1. ITV Report

RSPCA confirms almost 600 convictions for cruelty or neglect of horses

The RSPCA said there were almost 600 convictions for cruelty or neglect of horses, donkeys and ponies last year, two-and-a-half times more than in 2011.

The animal welfare charity investigated almost 3,000 more complaints of animal cruelty and neglect in 2013 than in 2012, although overall convictions were down on the previous year, new figures showed.

But there were 585 convictions for cruelty or neglect involving horses, donkeys and ponies last year, up from 500 in 2012 and an increase of 154% on 2011's figure of 230, when the RSPCA warned of an equine crisis.

Smiley, a thouroughbred Gelding horse with his rescuer Steve Dockery at the RSPCA. Credit: Tim Ockenden/PA Archive/Press Association Images

Cases included Bluey, a young mare who was found in an emaciated condition with her dead foal lying nearby, and Molly, a piebald filly who was emaciated and collapsed when she was found, but who after intensive care went on to win reserve champion in the Rescue Horse of the Year Championship at Equifest 2013.

In total, there were 3,961 convictions in 2013, down from 4,168 in 2012.

The number of individuals convicted also fell last year, from 1,552 in 2012 to 1,371, the charity's Prosecutions Annual Report showed.

There were convictions in cases such as Rocky, a cross breed who was shot in the head five times, hit with a shovel and left to die in a ditch - although he miraculously survived - and shih-tzu Florence who was so badly neglected her paws fell off.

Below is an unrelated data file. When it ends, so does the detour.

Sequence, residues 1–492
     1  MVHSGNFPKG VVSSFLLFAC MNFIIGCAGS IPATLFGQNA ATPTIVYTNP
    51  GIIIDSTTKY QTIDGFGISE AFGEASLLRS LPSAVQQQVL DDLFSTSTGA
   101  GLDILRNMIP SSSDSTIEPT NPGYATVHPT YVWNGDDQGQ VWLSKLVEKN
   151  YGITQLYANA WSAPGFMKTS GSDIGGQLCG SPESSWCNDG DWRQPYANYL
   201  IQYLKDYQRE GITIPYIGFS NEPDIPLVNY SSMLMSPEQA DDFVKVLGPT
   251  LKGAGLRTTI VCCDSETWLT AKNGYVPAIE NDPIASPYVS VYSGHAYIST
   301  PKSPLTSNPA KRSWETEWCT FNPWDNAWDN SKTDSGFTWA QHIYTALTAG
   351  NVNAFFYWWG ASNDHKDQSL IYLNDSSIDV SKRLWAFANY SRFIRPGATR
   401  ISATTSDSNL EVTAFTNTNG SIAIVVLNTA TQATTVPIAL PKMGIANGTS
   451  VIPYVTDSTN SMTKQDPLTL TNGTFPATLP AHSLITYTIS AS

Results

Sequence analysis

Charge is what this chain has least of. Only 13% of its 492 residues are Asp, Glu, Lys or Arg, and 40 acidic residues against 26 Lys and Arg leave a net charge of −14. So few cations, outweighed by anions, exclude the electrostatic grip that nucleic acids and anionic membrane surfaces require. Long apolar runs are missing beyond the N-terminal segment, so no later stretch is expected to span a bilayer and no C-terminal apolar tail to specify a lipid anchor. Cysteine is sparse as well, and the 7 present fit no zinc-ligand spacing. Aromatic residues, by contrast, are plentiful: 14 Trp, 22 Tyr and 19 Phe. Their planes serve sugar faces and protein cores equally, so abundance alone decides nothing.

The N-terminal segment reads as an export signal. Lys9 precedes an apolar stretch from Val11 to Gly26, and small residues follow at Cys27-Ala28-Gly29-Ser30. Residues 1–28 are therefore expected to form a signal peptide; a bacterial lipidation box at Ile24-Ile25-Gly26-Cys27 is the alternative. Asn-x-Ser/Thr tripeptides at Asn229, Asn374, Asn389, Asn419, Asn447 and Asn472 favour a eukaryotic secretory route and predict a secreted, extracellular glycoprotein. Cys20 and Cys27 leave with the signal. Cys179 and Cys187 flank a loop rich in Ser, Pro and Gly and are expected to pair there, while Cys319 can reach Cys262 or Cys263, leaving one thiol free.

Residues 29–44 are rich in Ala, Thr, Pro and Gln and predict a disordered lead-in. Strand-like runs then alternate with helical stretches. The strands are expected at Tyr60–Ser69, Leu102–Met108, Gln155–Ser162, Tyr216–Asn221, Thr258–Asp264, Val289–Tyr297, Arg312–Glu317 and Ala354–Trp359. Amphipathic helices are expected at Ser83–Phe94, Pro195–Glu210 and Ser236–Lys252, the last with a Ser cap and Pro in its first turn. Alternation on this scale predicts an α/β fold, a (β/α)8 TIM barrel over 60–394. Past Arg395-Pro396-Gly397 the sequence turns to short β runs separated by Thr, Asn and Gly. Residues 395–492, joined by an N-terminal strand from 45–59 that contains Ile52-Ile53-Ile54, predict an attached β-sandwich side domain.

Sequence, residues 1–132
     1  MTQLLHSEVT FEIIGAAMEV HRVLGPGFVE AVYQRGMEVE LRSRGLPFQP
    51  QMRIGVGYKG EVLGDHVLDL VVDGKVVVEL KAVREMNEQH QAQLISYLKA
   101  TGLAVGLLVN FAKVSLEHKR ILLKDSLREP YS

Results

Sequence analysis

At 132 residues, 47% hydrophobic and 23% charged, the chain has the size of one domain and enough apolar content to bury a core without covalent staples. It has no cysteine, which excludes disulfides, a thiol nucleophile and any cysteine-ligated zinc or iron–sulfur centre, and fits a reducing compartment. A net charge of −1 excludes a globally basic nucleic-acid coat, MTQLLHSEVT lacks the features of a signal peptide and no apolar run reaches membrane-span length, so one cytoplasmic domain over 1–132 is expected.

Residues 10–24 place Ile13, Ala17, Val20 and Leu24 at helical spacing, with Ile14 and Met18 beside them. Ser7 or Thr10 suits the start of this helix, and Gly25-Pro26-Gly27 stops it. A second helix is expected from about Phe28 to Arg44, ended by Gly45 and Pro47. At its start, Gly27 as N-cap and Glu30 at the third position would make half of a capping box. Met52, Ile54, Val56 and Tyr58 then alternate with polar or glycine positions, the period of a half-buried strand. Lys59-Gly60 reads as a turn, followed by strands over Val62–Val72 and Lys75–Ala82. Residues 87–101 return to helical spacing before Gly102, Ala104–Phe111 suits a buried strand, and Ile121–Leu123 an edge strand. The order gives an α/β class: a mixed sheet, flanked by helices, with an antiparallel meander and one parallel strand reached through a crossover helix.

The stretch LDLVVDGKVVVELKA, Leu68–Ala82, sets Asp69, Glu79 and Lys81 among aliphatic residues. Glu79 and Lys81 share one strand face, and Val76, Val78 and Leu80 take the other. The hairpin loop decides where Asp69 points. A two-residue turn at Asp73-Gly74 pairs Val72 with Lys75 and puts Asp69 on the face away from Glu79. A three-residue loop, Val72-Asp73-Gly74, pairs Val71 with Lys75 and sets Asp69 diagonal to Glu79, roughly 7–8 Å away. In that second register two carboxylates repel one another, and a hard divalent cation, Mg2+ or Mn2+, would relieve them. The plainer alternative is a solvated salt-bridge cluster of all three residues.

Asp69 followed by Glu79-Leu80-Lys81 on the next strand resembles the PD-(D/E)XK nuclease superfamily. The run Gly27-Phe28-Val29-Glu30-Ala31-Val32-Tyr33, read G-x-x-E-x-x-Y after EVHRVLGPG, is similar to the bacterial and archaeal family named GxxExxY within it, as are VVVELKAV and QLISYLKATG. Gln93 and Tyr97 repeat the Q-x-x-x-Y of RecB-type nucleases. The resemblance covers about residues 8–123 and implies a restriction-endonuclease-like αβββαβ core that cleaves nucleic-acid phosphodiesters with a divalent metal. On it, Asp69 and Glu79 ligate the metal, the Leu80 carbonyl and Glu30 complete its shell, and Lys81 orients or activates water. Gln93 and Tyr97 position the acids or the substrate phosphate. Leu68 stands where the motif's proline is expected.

Other cases investigated by the RSPCA included dogs being set on wild animals and a shar pei dog called Ruby who was kicked, punched and dragged along a pavement before she died.

Whilst we are heartened that the numbers of people convicted of cruelty have decreased, the fact that we are investigating more and more complaints shows that there is still a culture of cruelty out there.

Nothing illustrates this like the massive increase in equine-related convictions.

This is due mainly to irresponsible owners who have let their animals breed indiscriminately, together with an economic downturn which has seen feed prices go up and horses going for just a few pounds at market.

As a result, horses have been left to suffer without food and vet treatment.

– David Bowles, head of external affairs at the RSPCA
Dogs are still the most likely animal to be involved in cruelty cases. Credit: Rui Vieira/PA Archive/Press Association Images
  • The RSPCA rescued an increased number of horses in 2013, up from 1,275 in 2012 to 1,797 last year. The charity also rescued 17,665 dogs
  • The RSPCA rehomed 55,323 animals last year, it said.
  • Dogs are still the most likely animal to be involved in cruelty cases, with 2,505 convictions related to dogs, a slight decrease on 2012's figure of 2,568
  • The RSPCA investigated 153,770 complaints of cruelty last year, an increase from 150,833 the previous year

Mr Bowles added that although there had been fewer convictions relating to dogs, the charity was still rescuing more and more.